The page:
America’s healthcare sector is facing a crisis. Healthcare costs are at an all-time high, while the number of healthcare workers is shrinking. The healthcare sector is facing drastic employment shortages of doctors and nurses throughout the world. While many people contribute these shortages to COVID-19 and healthcare “burnout”, the challenge of sustaining the healthcare industry started long before the pandemic.
According to the American Hospital Association, America will face a shortage of up to 124,000 physicians by 2033 and will need to hire at least 200,000 nurses per year to meet increased demand. Nurse practitioners are expected to fill this gap. The occupation of nurse practitioners is expected to grow 45 per cent from 2021 to 2030, according to the Bureau Labor of Statistics.
You may be wondering, what role does a nurse practitioner play in the healthcare industry? Nurse practitioners can practice in almost any healthcare setting including clinics, hospitals, emergency rooms, nursing homes, schools, and more.
While their duties vary depending on the position and setting they are in, some of the common responsibilities are assessment, prescribing medication, supervising, interpreting labs and test results, coordinating care, communicating with patients and their families, and educating their patients on preventative care.
Nurse practitioners are considered to be Advanced Practice Registered Nurses (APRNs). In order to become a nurse practitioner, it requires a graduate level of education and a national board certification. Many nurse practitioners set out to achieve this by enrolling in an in-person or online doctor of nursing practice program.
A popular misconception in the healthcare industry is that a nurse practitioner and a registered nurse perform the same scope of work. While both of these positions provide patient care, their education and daily tasks differ quite a bit. Registered nurses can take on quite a bit of patient care. However, a nurse practitioner has gone through a doctor of nursing practice program either in-person or at an online DNP program.
This education allows them to take on additional tasks such as diagnosing patients and prescribing medication, which are tasks that a registered nurse cannot perform. As the healthcare industry continues to face struggles, the role of the nurse practitioner is predicted to be the one to save it. What are the ways nurse practitioners can save the industry?
1. Expand Access to Healthcare
In areas that lack adequate primary care facilities and providers, nurse practitioners can fill the gap. According to Nurse.org, nurse practitioners hold prescriptive privileges in all 50 states. However, the scope of practice for nurse practitioners still varies by state. In most states though, nurse practitioners are able to fulfil the same duties a physician does such as diagnose certain conditions, order tests, and prescribe treatment.
Nurse practitioners pursue an online DNP program that is specialized in teaching them how to provide the same standard of care that physicians do. According to the AANP, 75% of nurse practitioners actively practice in primary care which maximizes the availability of quality healthcare for people in the United States.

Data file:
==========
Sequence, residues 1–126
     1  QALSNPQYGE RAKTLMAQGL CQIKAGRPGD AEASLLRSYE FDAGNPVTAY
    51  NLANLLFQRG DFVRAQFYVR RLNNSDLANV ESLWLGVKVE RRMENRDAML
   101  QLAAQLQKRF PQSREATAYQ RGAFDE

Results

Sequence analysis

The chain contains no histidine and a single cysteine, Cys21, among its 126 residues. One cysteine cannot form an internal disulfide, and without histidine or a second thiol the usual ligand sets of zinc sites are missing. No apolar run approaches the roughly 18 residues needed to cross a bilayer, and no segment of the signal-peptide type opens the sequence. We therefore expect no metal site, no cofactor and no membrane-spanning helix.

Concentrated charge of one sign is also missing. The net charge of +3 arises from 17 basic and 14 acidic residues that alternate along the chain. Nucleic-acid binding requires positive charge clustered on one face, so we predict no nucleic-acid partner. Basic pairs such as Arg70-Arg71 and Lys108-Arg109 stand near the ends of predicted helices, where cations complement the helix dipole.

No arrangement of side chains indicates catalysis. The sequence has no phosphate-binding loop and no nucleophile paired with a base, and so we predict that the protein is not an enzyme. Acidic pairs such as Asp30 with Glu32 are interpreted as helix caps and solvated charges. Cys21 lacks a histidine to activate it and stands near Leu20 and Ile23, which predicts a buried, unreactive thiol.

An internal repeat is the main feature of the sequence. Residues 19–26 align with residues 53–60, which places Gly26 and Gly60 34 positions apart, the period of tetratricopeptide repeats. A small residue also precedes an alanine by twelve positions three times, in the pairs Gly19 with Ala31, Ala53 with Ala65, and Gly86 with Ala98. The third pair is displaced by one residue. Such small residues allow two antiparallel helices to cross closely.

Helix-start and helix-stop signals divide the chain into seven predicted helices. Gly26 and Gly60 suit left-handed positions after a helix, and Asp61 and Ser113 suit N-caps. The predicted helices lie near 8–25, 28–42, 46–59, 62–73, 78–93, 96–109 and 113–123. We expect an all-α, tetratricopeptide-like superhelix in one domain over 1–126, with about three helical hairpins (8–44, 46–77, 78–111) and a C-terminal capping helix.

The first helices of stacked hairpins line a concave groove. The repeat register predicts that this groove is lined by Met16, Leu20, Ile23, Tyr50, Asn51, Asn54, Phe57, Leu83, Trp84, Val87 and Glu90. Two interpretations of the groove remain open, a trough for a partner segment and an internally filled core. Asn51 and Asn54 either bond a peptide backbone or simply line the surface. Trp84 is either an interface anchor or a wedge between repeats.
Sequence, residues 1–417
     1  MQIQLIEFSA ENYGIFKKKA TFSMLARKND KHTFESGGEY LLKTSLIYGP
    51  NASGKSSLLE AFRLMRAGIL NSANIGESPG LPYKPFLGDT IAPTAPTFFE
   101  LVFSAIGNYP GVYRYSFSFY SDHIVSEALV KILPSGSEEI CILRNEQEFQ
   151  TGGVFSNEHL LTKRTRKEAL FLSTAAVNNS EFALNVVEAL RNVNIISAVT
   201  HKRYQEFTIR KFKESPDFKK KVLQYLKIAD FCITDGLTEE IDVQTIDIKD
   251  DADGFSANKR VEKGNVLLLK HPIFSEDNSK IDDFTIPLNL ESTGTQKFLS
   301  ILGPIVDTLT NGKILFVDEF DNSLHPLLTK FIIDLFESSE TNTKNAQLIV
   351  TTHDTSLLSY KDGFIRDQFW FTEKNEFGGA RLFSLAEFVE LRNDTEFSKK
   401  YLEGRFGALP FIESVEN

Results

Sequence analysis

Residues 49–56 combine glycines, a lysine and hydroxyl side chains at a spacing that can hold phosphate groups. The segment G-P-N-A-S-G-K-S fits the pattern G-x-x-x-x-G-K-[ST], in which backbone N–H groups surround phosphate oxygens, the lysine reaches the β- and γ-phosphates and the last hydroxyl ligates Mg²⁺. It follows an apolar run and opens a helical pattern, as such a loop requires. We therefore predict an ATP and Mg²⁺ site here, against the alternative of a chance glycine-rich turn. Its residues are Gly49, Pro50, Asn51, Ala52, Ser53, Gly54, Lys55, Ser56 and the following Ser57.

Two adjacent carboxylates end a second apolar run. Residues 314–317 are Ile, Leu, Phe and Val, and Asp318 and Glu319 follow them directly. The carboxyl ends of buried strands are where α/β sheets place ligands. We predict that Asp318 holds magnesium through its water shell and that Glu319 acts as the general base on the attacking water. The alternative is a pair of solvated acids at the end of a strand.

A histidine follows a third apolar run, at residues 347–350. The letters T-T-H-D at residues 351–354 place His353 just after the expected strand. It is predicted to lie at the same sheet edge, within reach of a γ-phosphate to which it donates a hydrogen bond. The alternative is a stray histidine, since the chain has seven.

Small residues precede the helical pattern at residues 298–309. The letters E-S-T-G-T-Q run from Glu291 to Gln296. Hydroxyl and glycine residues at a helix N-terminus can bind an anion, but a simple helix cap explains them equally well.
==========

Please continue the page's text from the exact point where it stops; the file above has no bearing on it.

2. Fill the Gaps in Healthcare Shortages
As mentioned, in recent years, there has been a drastic shortage in physicians in the healthcare industry. With COVID-19, and healthcare “burnout”, there is a desperate need for healthcare workers that can fill in the gaps. In hospitals where physicians and surgeons are stretched thin in attending to patients, qualified NPs can treat patients with less critical conditions, leaving physicians to focus on the patients who require a higher level of care.
3. Play a Role in Healthcare Leadership and Policy
Nurse practitioners with an advanced degree, like a doctor of nursing practice (DNP) degree, are positioned to move into leadership roles. This may be in clinical practice, research, education, or policymaking. The American Association of Colleges of Nursing describes online doctor of nursing practice programs as preparation for nurse leaders to improve patient outcomes and translate research into outcomes. Bradley University, an online university with an online DNP program, lists 5 potential career paths for DNP graduates.
4. Lower the Costs of Healthcare
Studies show that when patients receive care from NPs instead of doctors, they experience higher patient satisfaction, better preventative care and fewer hospital admissions. With fewer patients burdening hospitals and the healthcare system, healthcare costs tend to decrease. The costs of healthcare are also lower because nurse practitioners get paid significantly less. According to the Bureau Labor of Statistics, they earn approximately half the wage of primary care doctors. If you are considering a career in the healthcare industry, or you are looking to expand upon your current healthcare position, you may want to consider a profession as a nurse practitioner. The role is expected to be in high demand over the next few years to expand access to healthcare for many people in the United States, make it more affordable, make changes to leadership and policies within the industry, and fill the gaps in the healthcare industry.